As dawn broke, the camp began to stir with life. We were allotted our respective tents (two in each… and no cross-gender sharing…ahan, right!). The morning broke in with some pleasant breeze, a slight nip in the air and some saccharine sweet chai, the kind without which any road trip in India would be incomplete. Over steaming plastic glasses of sweetness we chalked out plans of heading out into the water later the same morning. A couple of hours later, we all trudged back to the tempo and headed towards Marine Drive (Shivpuri has its own version of the place).
After getting our rafting gear together (life jacket, check; helmet, check; paddle, check!) we trekked down to the waterfront. Our motley group of 12 was joined by a bunch of 10 guys. We all had to be divided into three rafts, with one instructor each. As the groups were formed, one poor soul from the other group had to join our raft (he would probably not forget the ride till his final days, but let’s not get into that). The instructors set about yelling out the instructions to a bunch of what would seem like overgrown kids (You see… no matter how old we are, put us in a group in the outdoors, and we’ll behave like we never graduated high school!).
The instructions were simple—sit on the edge of the raft (are you kidding me!!!! I don’t know how to swim…I want to sit well-shielded in the middle) or else the raft will topple over at the first major wave (on seconds thoughts, the edge is absolutely fine!). Tuck both your feet below the raft bars, one in front and the other behind you (finally, at least ONE place I can hang on to…phew). Hold on to the paddle for dear life (you don’t say!). Right paddle means people on the right will paddle, left paddle for those on the left, paddle fast, normal means sit back and do nothing (get swept away by the waves you mean!), down means get in the boat and crouch. If we go under (hey!!!! Did I tell you I can’t swim… whatchya mean by that???!!!), don’t do anything and you’ll float right up (seriously man… have you any clue about human psychology. Jeez!!!), and so on and so forth.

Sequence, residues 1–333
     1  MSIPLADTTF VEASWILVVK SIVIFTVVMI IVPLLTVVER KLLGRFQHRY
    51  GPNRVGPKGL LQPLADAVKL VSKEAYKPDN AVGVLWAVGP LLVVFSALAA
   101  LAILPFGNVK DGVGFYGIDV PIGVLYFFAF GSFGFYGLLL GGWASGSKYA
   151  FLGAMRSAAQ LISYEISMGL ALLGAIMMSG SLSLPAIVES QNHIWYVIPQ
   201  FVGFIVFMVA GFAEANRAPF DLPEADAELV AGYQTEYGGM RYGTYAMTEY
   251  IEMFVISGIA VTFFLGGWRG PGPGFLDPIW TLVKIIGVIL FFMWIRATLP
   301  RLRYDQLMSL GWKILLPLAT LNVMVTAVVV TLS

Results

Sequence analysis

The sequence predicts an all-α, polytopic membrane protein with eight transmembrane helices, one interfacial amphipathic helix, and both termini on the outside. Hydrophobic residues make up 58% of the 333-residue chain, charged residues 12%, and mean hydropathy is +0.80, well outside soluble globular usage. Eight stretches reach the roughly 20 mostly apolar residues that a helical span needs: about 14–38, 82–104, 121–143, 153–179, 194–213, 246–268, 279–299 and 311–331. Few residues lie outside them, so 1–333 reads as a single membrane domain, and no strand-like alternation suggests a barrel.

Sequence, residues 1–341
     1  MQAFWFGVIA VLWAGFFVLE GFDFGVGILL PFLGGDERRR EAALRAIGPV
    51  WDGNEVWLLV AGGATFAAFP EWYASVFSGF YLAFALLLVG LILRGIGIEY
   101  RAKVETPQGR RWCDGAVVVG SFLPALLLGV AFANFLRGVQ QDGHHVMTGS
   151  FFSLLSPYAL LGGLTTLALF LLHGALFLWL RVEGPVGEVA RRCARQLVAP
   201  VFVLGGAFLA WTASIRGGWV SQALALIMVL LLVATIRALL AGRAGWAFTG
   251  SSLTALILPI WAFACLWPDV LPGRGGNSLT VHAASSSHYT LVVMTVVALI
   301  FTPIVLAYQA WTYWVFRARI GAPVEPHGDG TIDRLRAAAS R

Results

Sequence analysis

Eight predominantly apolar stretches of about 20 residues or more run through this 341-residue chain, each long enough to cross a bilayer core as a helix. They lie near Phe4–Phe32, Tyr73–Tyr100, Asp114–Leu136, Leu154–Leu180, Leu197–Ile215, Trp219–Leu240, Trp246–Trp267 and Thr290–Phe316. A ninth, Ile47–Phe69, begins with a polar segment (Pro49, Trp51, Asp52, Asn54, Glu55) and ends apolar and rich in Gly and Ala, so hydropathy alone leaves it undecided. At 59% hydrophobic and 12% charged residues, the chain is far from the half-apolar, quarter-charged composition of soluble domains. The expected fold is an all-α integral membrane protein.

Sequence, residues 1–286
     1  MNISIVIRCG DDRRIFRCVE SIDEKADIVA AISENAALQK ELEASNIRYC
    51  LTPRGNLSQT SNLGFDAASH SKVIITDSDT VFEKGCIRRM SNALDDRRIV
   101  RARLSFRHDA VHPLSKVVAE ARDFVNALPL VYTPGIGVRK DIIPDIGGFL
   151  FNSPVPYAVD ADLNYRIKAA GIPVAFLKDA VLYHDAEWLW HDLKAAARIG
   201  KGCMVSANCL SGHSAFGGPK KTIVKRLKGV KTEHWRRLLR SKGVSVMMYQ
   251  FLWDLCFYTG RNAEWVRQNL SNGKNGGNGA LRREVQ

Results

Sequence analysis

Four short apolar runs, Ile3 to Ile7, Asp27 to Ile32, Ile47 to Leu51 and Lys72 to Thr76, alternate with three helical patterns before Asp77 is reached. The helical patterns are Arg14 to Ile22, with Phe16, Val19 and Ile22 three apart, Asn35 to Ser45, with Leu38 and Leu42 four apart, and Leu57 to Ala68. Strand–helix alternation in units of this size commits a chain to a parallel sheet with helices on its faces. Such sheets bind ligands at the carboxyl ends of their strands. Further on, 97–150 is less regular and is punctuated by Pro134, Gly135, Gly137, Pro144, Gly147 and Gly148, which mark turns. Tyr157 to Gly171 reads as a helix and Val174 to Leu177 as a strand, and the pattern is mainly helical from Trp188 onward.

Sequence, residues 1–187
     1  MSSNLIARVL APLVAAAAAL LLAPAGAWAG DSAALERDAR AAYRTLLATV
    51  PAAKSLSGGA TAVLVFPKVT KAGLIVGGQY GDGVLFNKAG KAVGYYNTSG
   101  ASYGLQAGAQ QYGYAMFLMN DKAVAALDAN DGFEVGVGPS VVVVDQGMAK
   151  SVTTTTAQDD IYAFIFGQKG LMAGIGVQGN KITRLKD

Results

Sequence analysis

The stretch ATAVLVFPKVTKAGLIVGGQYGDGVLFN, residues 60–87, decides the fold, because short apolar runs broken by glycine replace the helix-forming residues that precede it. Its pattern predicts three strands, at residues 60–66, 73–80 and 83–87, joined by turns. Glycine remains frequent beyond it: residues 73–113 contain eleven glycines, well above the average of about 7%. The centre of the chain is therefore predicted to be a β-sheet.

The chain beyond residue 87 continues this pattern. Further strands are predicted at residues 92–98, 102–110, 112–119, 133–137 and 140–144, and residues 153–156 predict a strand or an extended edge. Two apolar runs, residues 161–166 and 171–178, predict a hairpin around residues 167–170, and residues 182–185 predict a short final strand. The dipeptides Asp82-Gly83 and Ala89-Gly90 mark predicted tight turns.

After repeating the same instructions set at least four times, we finally got into our rafts. Mine was a blue one. There was another blue and a yellow floating with us. We slowly paddled out of the bank and into the middle of the stream. Now, I love the water, but I also fear it, so I was pretty much psyching out, till we saw the other rafts going awry with no sense of direction, while we were what it seemed like, on course. Our guide (whose name I have sadly forgotten…my sincere apologies, so I shall refer to him as Mr G) initiated us into the rafting experience with the war cry: Bolo Bolo Ganga Mai Ki…Jai…Jai…Jai. Of course, city slickers that we are, we kind of murmured it the first time, so he had us shout all over again. This time a bit into it, seven voices bellowed their cry for a good trip to the goddess Ganga, proudly holding up their paddles, ready to brave whatever the dark, deep, tumultuous river intended to throw at us.